There are a few first movers that are choosing a full ecommerce strategy such as local telecommunications service provider Globe Telecom and retail brand Bench, or global brands Payless ShoeSource and Adidas, and performing quite well. It’s also common for traditional brick-and-mortar retailers such as SM Store to open a shop-in-shop on Lazada to test the ecommerce waters first before investing in a strategy.

Slow and slower

Filipinos are connected to and browsing the second slowest internet connection in the Asia Pacific region. While a speedy internet doesn’t guarantee strong ecommerce behavior, it does impact a good user experience. Who would be willing to browse for a new phone or a pair of shoes if it takes ages to load pictures and product descriptions?

On top of this, the country ranks lowest among its Southeast Asian neighbors in terms of ease of doing business because of slow and complex procedures of starting a business, enforcing contracts and protecting minority investors, which doesn’t help to boost online trade either.

So how to reach its golden potential?

While the large population, familiarity with cross-border deliveries and digital payments offers a great foundation for ecommerce growth, projections of its future market growth greatly vary.

Statista projects the Philippines ecommerce will reach only $2.345 billion in 2021 making the country the smallest of markets in Southeast Asia, while Google and Temasek expect the market to be $9.7 billion by 2025.

The difference will depend on the number of first-movers that kick off the snowball effect.

Recently Ayala Group, one of the largest conglomerates in the country, acquired a 49% stake in online fashion retailer Zalora Philippines. The group hopes its footprint in banking, real estate and telecommunications will generate synergies throughout the ecommerce value chain.

If the takeover proves successful, it could inspire others to follow and contribute to ecommerce growth.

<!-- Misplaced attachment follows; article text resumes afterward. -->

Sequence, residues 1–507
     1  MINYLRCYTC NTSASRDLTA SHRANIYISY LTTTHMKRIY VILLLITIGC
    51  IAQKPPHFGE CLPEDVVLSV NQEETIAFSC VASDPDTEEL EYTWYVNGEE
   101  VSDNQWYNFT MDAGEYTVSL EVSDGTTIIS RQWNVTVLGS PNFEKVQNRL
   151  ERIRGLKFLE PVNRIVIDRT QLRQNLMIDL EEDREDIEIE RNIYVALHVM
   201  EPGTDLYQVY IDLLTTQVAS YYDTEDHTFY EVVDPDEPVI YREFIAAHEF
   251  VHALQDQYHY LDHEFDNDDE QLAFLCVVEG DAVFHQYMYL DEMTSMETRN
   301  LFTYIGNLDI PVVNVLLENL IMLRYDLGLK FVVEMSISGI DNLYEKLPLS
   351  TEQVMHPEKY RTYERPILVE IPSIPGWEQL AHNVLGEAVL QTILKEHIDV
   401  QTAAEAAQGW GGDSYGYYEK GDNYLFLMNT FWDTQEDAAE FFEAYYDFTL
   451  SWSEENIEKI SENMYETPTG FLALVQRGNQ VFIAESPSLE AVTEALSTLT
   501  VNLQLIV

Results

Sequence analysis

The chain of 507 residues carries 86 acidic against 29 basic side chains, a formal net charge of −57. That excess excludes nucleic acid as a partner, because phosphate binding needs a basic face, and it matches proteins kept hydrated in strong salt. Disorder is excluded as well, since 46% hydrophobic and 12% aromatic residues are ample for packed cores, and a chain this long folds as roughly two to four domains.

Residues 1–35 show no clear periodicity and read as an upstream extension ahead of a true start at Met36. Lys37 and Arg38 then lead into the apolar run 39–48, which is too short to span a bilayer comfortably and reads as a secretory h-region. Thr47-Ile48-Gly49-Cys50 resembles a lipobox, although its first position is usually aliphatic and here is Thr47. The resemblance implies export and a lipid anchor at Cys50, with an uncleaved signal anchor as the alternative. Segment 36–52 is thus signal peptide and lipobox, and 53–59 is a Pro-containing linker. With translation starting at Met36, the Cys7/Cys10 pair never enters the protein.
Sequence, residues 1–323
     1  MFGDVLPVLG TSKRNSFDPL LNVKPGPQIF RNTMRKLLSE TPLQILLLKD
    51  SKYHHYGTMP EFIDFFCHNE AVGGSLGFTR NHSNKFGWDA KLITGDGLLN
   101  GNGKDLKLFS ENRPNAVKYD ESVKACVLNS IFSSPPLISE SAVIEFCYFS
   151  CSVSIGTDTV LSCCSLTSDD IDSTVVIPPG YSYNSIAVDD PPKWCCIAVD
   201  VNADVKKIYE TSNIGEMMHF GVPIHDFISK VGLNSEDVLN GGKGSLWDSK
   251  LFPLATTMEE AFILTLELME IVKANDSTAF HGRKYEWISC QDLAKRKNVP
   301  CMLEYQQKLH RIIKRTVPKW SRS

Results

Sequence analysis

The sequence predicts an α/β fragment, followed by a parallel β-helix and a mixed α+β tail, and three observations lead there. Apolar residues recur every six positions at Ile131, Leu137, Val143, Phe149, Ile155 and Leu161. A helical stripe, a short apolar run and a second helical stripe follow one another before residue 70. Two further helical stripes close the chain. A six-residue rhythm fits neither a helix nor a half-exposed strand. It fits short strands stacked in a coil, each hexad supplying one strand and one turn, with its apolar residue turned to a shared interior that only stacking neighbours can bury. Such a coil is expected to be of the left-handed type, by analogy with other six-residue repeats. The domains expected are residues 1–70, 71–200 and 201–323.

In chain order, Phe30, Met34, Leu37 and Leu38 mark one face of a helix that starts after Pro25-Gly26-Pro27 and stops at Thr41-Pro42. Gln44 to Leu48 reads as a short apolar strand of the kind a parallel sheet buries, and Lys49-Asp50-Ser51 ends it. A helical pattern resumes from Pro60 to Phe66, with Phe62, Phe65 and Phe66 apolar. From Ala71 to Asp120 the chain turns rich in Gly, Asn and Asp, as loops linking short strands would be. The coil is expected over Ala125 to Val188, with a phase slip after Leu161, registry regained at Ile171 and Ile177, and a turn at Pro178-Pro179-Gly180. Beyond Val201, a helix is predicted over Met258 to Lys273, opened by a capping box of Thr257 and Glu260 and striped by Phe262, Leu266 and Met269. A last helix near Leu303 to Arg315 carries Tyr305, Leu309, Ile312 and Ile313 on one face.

To increase ecommerce growth in the country, there are several things needed to be done. Some of the issues are up to the Philippines government, such as increasing the internet speed by breaking the existing telecommunications market duopoly and opening it up to competition or easing the company registration process.

There are few things businesses themselves can also do to add to the growth:

  1. Invest in market education to explain how ecommerce works and provides convenience
  2. Training workshops for small and medium sized sellers, as well as larger traditional players can nudge more businesses to explore different channels for sales
  3. Improving security of their sites and adding secure payment methods to build trust   between businesses and consumers concerned about fraud
  4. Attract more customers online by selling ‘lifestyle’ services, insurance, etc.

The collaborative effort in the entire ecosystem between brands, retailers, service providers, logistics players, marketing agencies, consumers, etc. will help take the Philippines ecommerce market to the billions.

By: Aija Krutaine

Here’s what you need to know.

1. Lalamove to launch same day delivery service in Bangkok by June

Apart from the technology development for the same day delivery service, Lalamove will use the funding to expand its on-demand delivery services from current 45 cities to 100 cities by end of year. Currently, Lalamove operates in Hong Kong, Singapore, Bangkok, Taipei, Manila and 40 cities in mainland China.